I leave the friends behind. And moving on makes me a happy man. Unless I have work to do, working my internet pages and photos, I'd be rather on the move than stuck.
This is Sunday May 18, from Cece beach back to Monrovia past Roberts Int. airport, near Harpel the Firestone plant all the way to Buchanan. 2 check points just around Firestone, also they take themselves so much less serious, traveling is a delight I look forward to the upcoming adventure.
Diallo, the Guinean, has no fridge, no electricity and no beer, I would have accepted a warm one, I am so happy, I have finally moved on. And - once leaving Monrovia, country and people are extremely relaxed and friendly, still poor.
The only place going is the Lebanese Sparks Hotel/Restau/Bar they have the money. But Jonestone and Francis vis-a-vis do their best to catch up with their Old Place, Americo-Liberians. Joneston tells me about war atrocities, the looting around, their march to Ivory Coast 1993, "skeletons moving". Can we fathom?
What sticks out in Buchanan is its cleanness, streets are swept, rubbish bins!!! (the first real ones I come along in Africa) at every street corner.
I hang about its unlit streets till late, speak to so many, they are so curious, sleep in the back of my car just outside the Old Place, no dangers, no annoyances.
Driving away from Buchanan, it starts pouring.
Liberia the green, green, wet jungle. Road to Greenville.
Past the junction to Rivercess, which I pass when it rains heavily, the road becomes increasingly more difficult, especially where they're in the process of building the ditches.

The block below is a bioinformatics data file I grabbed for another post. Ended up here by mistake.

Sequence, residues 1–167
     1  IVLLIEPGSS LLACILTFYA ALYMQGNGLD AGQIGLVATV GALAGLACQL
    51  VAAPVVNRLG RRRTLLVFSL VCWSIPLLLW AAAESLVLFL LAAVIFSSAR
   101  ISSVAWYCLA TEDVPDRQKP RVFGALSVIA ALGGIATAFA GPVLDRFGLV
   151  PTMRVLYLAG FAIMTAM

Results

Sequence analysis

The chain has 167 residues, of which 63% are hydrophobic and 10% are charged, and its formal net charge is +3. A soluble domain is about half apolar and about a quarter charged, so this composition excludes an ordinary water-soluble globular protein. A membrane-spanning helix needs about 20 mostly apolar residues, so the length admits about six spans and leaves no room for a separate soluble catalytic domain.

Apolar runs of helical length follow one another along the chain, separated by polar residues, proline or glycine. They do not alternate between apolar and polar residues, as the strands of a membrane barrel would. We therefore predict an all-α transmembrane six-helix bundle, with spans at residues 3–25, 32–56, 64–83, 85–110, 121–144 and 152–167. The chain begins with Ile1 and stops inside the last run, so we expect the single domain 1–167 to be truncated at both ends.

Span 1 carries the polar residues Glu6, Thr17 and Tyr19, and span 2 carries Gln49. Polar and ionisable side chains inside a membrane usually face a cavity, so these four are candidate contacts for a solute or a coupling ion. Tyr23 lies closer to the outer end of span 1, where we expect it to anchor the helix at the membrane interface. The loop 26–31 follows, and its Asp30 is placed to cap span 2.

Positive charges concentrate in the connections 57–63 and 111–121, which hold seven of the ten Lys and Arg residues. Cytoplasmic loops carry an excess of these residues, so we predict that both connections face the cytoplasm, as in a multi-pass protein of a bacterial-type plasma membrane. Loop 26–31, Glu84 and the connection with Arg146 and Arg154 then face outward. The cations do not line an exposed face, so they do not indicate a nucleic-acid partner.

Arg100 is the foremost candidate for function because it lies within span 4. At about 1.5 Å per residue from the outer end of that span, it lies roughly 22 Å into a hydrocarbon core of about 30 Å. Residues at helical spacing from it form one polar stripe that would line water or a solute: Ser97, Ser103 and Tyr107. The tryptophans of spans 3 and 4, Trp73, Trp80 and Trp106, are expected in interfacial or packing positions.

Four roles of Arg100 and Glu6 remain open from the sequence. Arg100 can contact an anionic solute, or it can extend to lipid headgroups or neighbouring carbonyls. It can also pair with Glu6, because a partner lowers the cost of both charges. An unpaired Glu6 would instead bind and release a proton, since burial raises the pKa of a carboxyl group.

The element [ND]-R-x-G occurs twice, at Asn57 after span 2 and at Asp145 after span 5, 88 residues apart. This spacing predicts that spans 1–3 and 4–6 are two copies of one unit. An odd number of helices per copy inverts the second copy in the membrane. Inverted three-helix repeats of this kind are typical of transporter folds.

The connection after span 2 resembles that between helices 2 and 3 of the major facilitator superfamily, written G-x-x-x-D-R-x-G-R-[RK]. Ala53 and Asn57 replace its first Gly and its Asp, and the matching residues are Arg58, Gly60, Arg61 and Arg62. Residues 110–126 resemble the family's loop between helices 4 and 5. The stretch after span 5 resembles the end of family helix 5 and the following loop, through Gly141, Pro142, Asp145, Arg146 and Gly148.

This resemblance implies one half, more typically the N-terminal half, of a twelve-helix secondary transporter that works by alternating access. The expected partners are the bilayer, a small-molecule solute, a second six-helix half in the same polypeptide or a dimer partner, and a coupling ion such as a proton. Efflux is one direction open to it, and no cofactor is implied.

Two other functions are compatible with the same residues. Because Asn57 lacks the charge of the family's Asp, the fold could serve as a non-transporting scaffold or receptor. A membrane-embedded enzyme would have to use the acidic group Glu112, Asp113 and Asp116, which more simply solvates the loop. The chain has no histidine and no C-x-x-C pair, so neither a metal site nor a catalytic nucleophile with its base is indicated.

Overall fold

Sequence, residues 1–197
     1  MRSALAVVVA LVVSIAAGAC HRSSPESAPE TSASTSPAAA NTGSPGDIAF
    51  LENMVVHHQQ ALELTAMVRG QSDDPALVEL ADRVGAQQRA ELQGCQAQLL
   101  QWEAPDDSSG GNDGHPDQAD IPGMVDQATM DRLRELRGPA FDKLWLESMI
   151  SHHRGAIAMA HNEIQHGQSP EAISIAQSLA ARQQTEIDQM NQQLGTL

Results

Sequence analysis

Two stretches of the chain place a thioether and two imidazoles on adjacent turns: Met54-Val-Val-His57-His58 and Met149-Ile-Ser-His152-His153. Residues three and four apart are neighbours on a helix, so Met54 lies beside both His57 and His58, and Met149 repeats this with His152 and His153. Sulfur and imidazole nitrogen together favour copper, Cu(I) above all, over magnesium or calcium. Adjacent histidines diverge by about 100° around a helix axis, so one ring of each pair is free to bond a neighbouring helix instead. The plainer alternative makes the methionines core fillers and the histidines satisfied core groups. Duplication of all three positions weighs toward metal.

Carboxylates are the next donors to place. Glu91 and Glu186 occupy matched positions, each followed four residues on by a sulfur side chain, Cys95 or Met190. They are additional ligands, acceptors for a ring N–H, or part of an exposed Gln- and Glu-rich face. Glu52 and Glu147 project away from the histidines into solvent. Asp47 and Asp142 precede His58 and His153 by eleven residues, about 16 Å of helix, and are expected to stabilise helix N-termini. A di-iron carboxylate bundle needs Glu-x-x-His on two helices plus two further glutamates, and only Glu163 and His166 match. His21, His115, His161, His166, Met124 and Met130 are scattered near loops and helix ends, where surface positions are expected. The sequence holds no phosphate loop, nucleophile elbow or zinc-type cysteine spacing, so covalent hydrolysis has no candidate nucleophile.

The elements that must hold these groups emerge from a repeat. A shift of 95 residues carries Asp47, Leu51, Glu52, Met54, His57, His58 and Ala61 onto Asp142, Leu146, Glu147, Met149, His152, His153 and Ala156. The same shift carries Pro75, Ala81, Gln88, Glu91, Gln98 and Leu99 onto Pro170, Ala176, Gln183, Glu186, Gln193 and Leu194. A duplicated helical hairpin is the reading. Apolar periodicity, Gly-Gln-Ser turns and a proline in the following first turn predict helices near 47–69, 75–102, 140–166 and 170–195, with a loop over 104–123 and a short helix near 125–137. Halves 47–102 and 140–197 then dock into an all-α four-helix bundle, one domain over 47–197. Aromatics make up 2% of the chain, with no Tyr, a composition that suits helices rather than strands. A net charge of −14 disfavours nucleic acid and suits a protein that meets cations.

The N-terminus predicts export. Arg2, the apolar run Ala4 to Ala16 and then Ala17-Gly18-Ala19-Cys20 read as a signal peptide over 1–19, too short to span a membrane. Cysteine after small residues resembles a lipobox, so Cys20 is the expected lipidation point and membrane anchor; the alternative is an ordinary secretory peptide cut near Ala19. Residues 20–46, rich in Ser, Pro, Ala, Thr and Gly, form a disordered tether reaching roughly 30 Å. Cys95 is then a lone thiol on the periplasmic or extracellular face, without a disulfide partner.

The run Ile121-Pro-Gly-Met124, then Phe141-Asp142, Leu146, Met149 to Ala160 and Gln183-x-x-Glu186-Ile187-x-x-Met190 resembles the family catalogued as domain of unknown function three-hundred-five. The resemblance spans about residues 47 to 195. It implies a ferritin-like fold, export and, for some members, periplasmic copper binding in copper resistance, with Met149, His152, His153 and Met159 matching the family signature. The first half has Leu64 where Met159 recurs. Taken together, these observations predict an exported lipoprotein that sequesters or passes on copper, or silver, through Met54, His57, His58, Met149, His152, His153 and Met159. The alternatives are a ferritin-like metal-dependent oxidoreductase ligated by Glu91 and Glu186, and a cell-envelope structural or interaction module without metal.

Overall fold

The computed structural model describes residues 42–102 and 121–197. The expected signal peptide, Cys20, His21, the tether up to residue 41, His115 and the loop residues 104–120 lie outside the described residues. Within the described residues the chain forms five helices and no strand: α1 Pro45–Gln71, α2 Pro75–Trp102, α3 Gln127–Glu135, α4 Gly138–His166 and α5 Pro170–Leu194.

Stuck a second time, this is more serious. Something is rotten, back wheels not spinning. I do not even start digging, cannot hold back the others. Prop shaft is down, U-joint, same one I changed 3 times on last 5000kms.
Another truck arrives, he has no chance making it over the muddy stretch, less pulling me out. We chat, it has stopped raining. He leaves for the village.
"If you see a caterpillar send him over", LCIP and USAID (AllAfrica) are reconstructing the roads, there must be a bulldozer not far. "There is one in the village." The guy replies. Really? I am really lucky! Just I don't have much money. Just 40 USD left.
Mike, Lebanese, married to a Liberian woman, roads contractor, heads up a group of workers, and Mike would turn out to be more then helpful. First he sends for the bulldozer.
They tow me out, but leave the truck where he is. I remove the prop shaft, drive with front wheel drive only to the village of ITI just 2 kms away. Mike has a mechanic. We fit a new U-joint, but the size isn't what it should be. In these conditions it'll break soon again. We'll have to look for another solution in the morning. I have a spare prop shaft. A bit longer. Cut it weld it. All it takes is a good welder with good equipment.
Unfortunately I have seen too many bad welders in Africa with awful equipment.